str() Function in R

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Whether you’re handling simple vectors or complex data frames, the str() function is your one-stop resource for exploring and understanding data structure.

The str() Function: An Overview

The str() function provides a compact, human-readable summary of an R object. This means it can summarize almost all types of R objects, including vectors, data frames, lists, and more. Its primary advantage is the ease with which it can summarize even large and complex objects, offering a quick glance into their structure.

The basic syntax for the str() function is as follows:


Where object is the data structure that you want to examine.

Let’s delve deeper into how to use this essential function in different situations and with various types of data.

Using str() Function with Vectors

A vector is the most basic data structure in R, and it holds elements of the same type. Let’s look at how the str() function can be used with vectors.

Consider a numeric vector:

numeric_vector <- c(1, 2, 3, 4, 5)

The output will be:

num [1:5] 1 2 3 4 5

The output reveals that numeric_vector is a numeric vector (denoted by “num”) with five elements.

Let’s try this with a character vector:

char_vector <- c("apple", "banana", "cherry")

The output will be:

chr [1:3] "apple" "banana" "cherry"

Here, char_vector is a character vector (denoted by “chr”) with three elements.

Using str() Function with Data Frames

Data frames are more complex than vectors, as they can hold different types of data. Let’s see how str() works with data frames.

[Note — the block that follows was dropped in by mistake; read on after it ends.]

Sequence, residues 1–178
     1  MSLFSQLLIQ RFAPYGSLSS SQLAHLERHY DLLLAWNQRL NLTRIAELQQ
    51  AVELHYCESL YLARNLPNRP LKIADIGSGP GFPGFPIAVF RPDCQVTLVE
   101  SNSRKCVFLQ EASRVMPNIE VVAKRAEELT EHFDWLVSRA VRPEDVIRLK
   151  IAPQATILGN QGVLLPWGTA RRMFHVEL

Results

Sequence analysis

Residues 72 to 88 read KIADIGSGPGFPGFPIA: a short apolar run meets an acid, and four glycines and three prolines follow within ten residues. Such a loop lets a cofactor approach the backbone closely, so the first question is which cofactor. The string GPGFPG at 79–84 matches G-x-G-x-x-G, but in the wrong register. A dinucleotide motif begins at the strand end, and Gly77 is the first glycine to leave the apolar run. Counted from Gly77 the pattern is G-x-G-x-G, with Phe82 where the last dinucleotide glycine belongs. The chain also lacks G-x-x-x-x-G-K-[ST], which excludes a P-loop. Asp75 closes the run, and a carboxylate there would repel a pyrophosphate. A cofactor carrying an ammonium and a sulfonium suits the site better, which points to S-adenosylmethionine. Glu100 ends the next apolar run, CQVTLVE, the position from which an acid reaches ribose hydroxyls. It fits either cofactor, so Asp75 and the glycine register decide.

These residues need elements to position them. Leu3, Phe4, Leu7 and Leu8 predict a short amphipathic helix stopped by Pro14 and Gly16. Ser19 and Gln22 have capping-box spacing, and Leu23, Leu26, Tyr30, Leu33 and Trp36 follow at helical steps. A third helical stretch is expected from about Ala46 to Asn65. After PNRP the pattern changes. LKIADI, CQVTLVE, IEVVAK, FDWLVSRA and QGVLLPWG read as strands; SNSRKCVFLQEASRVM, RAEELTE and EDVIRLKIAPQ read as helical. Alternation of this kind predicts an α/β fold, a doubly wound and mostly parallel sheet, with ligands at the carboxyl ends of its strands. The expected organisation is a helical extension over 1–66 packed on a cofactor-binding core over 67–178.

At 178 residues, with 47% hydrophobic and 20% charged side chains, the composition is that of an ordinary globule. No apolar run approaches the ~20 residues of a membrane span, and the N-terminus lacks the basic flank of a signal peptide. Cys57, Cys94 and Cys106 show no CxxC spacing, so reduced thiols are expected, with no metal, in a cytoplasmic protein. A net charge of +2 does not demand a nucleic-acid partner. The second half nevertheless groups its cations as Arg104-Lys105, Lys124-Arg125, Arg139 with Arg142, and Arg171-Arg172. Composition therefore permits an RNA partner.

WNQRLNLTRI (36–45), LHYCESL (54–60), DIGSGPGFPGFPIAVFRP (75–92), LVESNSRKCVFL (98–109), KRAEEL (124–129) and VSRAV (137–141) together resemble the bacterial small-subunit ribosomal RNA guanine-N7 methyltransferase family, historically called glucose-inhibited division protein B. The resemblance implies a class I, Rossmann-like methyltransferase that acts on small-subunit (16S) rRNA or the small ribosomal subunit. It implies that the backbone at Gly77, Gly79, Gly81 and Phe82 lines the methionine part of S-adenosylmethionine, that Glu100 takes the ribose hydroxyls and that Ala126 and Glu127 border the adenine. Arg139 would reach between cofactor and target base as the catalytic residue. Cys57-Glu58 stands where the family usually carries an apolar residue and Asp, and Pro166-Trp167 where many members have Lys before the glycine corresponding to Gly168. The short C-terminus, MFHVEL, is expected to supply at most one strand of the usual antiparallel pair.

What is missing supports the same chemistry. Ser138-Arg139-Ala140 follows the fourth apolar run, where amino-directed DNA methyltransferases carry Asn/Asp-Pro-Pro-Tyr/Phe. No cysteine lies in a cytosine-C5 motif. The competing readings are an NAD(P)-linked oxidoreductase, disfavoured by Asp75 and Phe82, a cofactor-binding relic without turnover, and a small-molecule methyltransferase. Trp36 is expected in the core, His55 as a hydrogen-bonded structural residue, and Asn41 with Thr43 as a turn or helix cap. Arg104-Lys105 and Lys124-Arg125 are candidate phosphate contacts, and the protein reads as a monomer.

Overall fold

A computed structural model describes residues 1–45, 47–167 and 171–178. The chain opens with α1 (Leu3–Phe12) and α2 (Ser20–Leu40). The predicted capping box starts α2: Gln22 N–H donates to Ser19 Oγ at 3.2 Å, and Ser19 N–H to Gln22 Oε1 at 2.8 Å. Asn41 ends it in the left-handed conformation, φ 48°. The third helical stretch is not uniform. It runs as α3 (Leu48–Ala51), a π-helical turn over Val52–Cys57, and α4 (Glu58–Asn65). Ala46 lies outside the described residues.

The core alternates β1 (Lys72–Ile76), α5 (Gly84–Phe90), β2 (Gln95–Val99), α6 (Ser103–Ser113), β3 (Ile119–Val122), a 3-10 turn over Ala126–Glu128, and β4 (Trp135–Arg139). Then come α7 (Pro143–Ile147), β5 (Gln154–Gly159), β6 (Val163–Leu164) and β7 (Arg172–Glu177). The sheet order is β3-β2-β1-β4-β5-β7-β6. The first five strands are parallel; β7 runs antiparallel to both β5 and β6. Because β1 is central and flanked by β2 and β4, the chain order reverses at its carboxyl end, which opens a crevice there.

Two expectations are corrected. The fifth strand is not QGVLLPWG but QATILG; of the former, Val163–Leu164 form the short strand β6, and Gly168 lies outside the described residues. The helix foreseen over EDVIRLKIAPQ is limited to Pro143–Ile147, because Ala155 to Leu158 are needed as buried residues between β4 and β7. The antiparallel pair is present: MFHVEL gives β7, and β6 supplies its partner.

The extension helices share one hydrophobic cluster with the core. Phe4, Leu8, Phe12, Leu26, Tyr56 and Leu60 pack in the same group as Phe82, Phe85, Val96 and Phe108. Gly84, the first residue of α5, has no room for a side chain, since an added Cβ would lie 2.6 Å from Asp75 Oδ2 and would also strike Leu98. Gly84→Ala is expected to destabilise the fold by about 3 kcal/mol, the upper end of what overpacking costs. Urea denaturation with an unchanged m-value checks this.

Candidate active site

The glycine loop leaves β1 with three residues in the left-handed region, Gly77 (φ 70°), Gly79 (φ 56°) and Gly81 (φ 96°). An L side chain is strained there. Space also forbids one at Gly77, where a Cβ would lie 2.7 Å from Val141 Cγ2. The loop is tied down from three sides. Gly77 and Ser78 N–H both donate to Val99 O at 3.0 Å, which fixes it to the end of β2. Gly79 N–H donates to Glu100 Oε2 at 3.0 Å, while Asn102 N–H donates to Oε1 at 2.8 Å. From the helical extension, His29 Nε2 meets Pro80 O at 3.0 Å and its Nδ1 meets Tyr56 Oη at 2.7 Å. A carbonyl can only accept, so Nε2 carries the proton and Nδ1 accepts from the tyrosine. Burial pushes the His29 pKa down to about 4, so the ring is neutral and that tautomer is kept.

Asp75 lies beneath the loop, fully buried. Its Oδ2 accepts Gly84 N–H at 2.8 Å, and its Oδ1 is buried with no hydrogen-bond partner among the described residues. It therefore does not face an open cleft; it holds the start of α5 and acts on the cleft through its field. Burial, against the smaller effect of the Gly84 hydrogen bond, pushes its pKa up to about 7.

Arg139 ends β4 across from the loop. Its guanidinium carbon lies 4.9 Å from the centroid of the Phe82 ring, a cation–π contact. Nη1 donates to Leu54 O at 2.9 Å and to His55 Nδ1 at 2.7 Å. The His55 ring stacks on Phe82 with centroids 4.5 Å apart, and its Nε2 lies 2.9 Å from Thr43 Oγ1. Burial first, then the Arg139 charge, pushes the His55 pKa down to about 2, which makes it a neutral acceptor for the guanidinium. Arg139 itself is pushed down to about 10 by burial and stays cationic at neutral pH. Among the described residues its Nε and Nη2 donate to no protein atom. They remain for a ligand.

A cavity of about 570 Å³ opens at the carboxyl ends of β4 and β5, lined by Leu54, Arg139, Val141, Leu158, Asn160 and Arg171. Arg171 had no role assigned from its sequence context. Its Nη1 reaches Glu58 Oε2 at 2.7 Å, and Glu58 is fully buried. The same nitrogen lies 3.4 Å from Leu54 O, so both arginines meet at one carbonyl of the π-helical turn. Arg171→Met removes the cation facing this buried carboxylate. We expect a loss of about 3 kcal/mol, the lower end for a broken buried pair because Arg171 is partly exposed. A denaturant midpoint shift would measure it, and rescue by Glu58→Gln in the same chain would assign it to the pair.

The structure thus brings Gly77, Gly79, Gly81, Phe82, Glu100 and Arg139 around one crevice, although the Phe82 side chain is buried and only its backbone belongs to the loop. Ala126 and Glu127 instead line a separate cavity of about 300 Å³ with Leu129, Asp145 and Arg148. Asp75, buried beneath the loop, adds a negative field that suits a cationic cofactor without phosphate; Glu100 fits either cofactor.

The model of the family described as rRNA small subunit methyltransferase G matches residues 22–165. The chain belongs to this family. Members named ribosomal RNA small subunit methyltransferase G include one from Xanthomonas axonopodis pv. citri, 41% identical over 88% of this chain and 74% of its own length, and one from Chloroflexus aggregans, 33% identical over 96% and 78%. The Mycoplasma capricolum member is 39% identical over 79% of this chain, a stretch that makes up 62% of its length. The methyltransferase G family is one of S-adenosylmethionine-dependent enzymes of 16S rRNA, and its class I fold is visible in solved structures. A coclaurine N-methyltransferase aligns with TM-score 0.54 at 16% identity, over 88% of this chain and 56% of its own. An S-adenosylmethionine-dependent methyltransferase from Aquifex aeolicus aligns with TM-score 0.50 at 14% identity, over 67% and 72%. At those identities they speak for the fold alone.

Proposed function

Consider a data frame:

data_frame <- data.frame(
  "Fruit" = c("apple", "banana", "cherry"),
  "Color" = c("red", "yellow", "red"),
  "Price" = c(1, 0.5, 2)

The output will be:

'data.frame':   3 obs. of  3 variables:
 $ Fruit: Factor w/ 3 levels "apple","banana",..: 1 2 3
 $ Color: Factor w/ 2 levels "red","yellow": 1 2 1
 $ Price: num  1 0.5 2

This tells us that data_frame is a data frame with three observations (rows) and three variables (columns). It also tells us about the structure of each column.

Using str() Function with Lists

Lists in R can contain elements of different types, making them more complex. Let’s see how str() can help us understand lists.

Consider a list:

list_data <- list(
  "Fruit" = c("apple", "banana", "cherry"),
  "Prices" = c(1, 0.5, 2),
  "Available" = c(TRUE, TRUE, FALSE)

The output will be:

List of 3
 $ Fruit    : chr [1:3] "apple" "banana" "cherry"
 $ Prices   : num [1:3] 1 0.5 2
 $ Available: logi [1:3] TRUE TRUE FALSE

This tells us that list_data is a list containing three elements, and it also shows the structure of each element.

Changing Default Settings of str()

The str() function allows you to change its default behavior to suit your needs. Some important arguments are:

  • max.level: Controls the depth of nesting.
  • list.len: Controls the number of elements in list vectors.
  • vec.len: Controls the number of elements in atomic vectors.

Consider a list with nested elements:

nested_list <- list(
  "Fruit" = c("apple", "banana", "cherry"),
  "Details" = list(
    "Prices" = c(1, 0.5, 2),
    "Available" = c(TRUE, TRUE, FALSE)
str(nested_list, max.level = 1)

The output will be:

List of 2
 $ Fruit  : chr [1:3] "apple" "banana" "cherry"
 $ Details:List of 2

Here, max.level = 1 limits the depth of nesting to 1 level.

Comparing str() with Other Introspection Functions

While the str() function provides a compact, readable summary, R offers other functions for similar purposes:

  • summary(): Offers a statistical summary of an object.
  • head(): Displays the first few elements/rows of an object.
  • View(): Opens a spreadsheet-like viewer (only in RStudio).

Even though these functions serve related tasks, str() stands out due to its compactness and readability, especially with large and complex objects.


The str() function in R is a robust and flexible tool for quickly inspecting and understanding the structure of R objects. It is invaluable for tasks ranging from preliminary data exploration to debugging complex data structures. Understanding how to use str() effectively can significantly streamline your data analysis workflows in R.

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